My favorite recipes are ones that don’t require exact measurements. Fortunately, many fish recipes fall into this category, including grilled panfish. If you’ve come home from the pond with bluegills, crappies, perch, or other panfish, this is a simple and yummy way to cook them.
It’s best with relatively large panfish, since you’ll be able to flake a whole fillet off the bones more easily, and pin bones will be easier to remove. However, it’s also fine for smaller fish as long as you’re willing to pick the meat off the bones as you go.
Again, this recipe doesn’t have exact measurements. The preparation of the ingredients matters much more than the quantity.
- Several whole panfish
- Lemon juice
- Fresh dill
If you’re cooking these over a portable grill on a camping trip, check out How to Bring Spices, Sauces, and Oils Camping.
If you need help killing your fish, check out 3 Humane Ways to Kill Fish.
As mentioned before, the preparation matters more here than quantity. Season to taste with as much lemon, salt, pepper, and dill as you want. Make sure to scale thoroughly, though, or you’ll be spitting them out later!
1. Cut the head off each fish, just behind the gills and pectoral fins.
2. Gut each fish and clean out the body cavity.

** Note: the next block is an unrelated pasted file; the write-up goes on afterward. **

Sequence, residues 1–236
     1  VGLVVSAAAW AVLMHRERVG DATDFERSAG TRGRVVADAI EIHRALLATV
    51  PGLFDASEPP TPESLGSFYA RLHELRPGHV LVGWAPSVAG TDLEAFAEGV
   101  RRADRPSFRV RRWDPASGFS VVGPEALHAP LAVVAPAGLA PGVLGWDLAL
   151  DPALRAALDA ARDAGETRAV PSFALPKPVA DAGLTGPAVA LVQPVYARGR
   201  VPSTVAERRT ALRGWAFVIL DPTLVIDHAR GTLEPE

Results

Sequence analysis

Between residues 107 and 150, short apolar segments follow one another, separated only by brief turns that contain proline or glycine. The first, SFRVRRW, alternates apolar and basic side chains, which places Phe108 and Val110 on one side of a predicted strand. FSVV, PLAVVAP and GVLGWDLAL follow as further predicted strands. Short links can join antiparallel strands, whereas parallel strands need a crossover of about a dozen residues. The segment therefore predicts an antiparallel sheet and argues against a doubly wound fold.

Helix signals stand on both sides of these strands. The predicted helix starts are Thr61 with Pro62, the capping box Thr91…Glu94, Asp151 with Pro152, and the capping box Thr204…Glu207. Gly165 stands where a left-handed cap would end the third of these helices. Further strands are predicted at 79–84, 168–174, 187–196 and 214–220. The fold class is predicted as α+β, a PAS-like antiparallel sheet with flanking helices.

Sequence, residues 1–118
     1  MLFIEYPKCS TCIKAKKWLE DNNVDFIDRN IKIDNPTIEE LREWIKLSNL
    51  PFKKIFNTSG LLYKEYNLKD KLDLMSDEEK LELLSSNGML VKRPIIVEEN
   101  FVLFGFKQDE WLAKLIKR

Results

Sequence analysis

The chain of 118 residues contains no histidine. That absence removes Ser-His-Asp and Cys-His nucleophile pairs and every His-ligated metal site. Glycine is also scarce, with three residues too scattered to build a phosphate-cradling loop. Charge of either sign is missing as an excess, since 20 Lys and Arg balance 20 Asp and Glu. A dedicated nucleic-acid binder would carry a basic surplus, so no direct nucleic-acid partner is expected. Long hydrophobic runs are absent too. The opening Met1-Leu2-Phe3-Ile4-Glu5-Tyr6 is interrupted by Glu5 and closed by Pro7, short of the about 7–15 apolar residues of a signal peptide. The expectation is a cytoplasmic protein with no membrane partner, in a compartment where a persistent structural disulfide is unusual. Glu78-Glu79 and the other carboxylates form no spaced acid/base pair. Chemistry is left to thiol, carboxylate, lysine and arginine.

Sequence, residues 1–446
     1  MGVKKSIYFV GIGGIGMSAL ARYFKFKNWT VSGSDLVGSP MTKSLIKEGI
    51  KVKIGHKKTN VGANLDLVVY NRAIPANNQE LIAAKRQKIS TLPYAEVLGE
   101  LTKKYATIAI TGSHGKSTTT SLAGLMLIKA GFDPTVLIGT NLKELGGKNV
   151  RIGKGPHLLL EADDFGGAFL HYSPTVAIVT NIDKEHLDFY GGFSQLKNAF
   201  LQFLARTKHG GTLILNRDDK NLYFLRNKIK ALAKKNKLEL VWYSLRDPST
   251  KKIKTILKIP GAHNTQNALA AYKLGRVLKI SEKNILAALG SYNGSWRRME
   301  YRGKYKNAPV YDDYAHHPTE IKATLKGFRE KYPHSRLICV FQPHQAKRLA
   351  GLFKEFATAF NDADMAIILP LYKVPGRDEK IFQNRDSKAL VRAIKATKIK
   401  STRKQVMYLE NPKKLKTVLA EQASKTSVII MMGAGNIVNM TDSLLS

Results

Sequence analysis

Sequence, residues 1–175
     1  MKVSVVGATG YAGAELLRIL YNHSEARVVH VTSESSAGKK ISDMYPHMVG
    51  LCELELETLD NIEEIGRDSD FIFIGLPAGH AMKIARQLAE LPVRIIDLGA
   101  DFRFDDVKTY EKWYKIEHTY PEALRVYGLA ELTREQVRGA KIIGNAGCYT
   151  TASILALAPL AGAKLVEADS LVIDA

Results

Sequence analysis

3. Scale each fish. To scale, hold the fish down on a cutting board near the tail. Using a spoon or butter knife, scrape the scales toward the head. It’ll take quite a few passes in each spot to completely remove the scales. Some fish are also easier to scale than others. Double and triple check your work here. It’s much better to do this right the first time than to find scales in your meal.
4. Make the stuffing mixture:
Chop the fresh dill finely. Melt the butter until it’s creamy and spreadable, and add in fresh dill, lemon juice, salt and pepper to taste.
5. Spread the mixture into the body cavity of each fish, and brush the skin with it as well. Also set some aside for dipping later.
6. Make 2-4 vertical slices along the body of the fish. “Scoring” the flesh allows the heat to distribute evenly through the meat. Heat the grill to medium-high, and put the fish on. Cook for a few minutes on each side, flipping only once. The fish are done when the skin is crispy and the flesh flaky.
7. Melt the rest of the butter mixture and serve as a dip for the fish.
Depending on the size, grilled panfish can be eaten with a fork or as finger food. You may find pinbones in the flesh, but they can be picked out as you go, especially if you’re eating it as finger food. If the spines of the fins are still strong and sharp, they can be discarded, but the soft fins, including the tail, are tasty. When you’re done, you should have a perfect little fish skeleton (sans head) on your plate!
If you liked this recipe, also check out Recipe: Simple Campfire Roasted Trout.